So quitting has never really been an option (even if I’ve threatened it from time to time. *G*). It’s a matter of putting one foot in front of the other and to keep going. Sometimes you have to slow down and catch your breath but you can never ever stop.

What’s the best piece of advice you’ve ever been given?

Almost at the end and someone throws in another toughie. J

I’ve been given so many wonderful bits of advice that I don’t know how to narrow it down to the “best”. Hang on I’m thinking…

-          Keep it simple and go deep

It’s one of my favorites, although I have many. I have a tendency to unnecessarily complicate my stories and insert threads that distract instead of deepening the core conflict. So I have to think before I add something: “Is it necessary? Does it add depth to the central story?”

What are your hopes and aspirations for your career?

I hope that I keep writing stories until I’m so old that my arthritic fingers can no longer punch a keyboard… but then I’ll buy some voice-activated software. *G*

So I guess I hope to write the rest of my life and entertain my readers by tugging on their heartstrings before giving them a happy sigh as the H/h achieve their HEA. What could be better than bringing a smile to a reader’s lips?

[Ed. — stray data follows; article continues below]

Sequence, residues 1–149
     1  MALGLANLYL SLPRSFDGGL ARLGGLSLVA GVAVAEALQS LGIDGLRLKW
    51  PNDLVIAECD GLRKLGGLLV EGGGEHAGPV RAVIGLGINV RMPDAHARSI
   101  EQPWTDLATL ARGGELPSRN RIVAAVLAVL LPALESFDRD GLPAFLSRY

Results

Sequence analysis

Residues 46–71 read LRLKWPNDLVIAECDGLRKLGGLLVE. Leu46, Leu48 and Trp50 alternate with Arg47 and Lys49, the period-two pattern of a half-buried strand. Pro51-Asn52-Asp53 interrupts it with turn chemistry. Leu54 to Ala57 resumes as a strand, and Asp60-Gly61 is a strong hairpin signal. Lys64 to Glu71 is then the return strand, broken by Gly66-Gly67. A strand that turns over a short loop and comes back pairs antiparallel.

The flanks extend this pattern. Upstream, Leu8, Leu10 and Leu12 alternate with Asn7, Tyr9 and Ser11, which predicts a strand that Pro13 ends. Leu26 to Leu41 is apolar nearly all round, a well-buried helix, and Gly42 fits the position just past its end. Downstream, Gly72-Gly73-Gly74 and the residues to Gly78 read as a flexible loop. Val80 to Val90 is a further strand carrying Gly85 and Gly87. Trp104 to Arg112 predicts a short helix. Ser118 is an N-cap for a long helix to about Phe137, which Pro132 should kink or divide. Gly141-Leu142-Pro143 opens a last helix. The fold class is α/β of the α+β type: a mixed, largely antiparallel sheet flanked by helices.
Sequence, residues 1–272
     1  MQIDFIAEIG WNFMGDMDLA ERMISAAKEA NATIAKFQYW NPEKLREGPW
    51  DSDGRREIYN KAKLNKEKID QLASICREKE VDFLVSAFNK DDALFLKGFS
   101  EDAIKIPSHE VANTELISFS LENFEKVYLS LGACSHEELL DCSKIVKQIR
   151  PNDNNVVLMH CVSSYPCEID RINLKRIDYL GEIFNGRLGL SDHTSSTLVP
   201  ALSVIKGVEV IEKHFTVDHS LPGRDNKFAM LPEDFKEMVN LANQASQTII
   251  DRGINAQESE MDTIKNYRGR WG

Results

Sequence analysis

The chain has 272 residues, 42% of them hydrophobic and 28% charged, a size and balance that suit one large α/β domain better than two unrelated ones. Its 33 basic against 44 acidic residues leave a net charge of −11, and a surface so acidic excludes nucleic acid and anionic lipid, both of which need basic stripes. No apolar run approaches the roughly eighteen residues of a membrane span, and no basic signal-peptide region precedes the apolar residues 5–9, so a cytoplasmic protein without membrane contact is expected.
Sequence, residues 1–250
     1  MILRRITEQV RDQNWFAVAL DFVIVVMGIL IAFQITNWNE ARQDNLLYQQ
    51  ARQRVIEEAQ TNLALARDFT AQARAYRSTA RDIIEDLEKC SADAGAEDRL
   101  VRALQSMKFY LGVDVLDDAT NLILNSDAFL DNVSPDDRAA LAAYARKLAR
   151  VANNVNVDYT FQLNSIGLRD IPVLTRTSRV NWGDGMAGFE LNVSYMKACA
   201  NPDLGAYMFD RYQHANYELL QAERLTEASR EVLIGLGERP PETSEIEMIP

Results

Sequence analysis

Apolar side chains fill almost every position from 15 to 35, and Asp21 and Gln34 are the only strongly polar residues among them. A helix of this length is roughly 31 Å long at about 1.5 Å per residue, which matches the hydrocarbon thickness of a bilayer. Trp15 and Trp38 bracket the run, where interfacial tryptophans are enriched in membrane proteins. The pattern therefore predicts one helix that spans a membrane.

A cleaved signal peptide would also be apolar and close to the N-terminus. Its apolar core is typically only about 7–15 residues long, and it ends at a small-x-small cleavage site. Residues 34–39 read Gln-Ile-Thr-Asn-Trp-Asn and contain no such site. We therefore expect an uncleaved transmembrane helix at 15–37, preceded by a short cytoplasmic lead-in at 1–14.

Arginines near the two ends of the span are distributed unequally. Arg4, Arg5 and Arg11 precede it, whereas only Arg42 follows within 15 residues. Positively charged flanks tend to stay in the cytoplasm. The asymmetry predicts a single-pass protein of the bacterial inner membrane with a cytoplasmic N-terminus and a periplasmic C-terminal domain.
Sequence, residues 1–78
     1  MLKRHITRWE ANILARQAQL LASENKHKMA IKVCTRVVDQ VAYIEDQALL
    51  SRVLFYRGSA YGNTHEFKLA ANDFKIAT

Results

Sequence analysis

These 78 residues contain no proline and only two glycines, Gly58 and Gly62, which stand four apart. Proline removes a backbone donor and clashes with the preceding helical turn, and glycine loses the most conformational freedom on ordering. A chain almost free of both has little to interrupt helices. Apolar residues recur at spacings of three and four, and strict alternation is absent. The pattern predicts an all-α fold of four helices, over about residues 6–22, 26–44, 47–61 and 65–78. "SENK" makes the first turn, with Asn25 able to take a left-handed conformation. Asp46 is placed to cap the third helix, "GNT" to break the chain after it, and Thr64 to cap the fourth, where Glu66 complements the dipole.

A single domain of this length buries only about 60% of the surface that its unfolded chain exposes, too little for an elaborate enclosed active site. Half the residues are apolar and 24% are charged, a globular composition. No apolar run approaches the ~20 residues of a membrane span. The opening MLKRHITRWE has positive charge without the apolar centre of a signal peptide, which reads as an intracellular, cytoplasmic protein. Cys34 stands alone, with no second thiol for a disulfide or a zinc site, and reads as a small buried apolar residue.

Friday, September 14, 2012

About us: Victoria James


About Us: Victoria James

Hi and welcome!  This is the first in a series of about us interviews-featuring us!  Pull up a chair, grab a mug of coffee and get to know each of us a little better.  Every week one of The Hot Pink ladies will be posting their own interview. 


I'm up first, so here we go!


How and why did you get involved with The Hot Pink Typewriter?

Well, some awesome ladies (Natalie and Olivia) asked me! I absolutely loved the idea of being part of a blog with different authors, writing different sub-genres for various publishers. It's also a great way to stay motivated and connected, and root each other on.


What sub-genre of romance do you write and why?

Contemporary series romance.  I love reading the next step seemed to be writing series. I love that the story has to be tight and that the romance takes center stage.  With shorter word count, series books have to deliver a heck of a lot of emotional impact without sacrificing any of the romance.  I guess I love a challenge ;-)


Did you always know you wanted to be a writer? What prompted this interest?

Yes! I still remember telling my doctor when I was seven that I wanted to be a writer when I grew up! I loved reading from a very young age. I think it may have been my childhood obsession with Little House on the Prairie and wanting to be like Laura Ingalls Wilder, LOL. Not joking :-) I was also an avid reader and would devour all sorts of books.


Did contests play a role in your writing journey? If so, in what ways did you find them beneficial? And what if any were the drawbacks?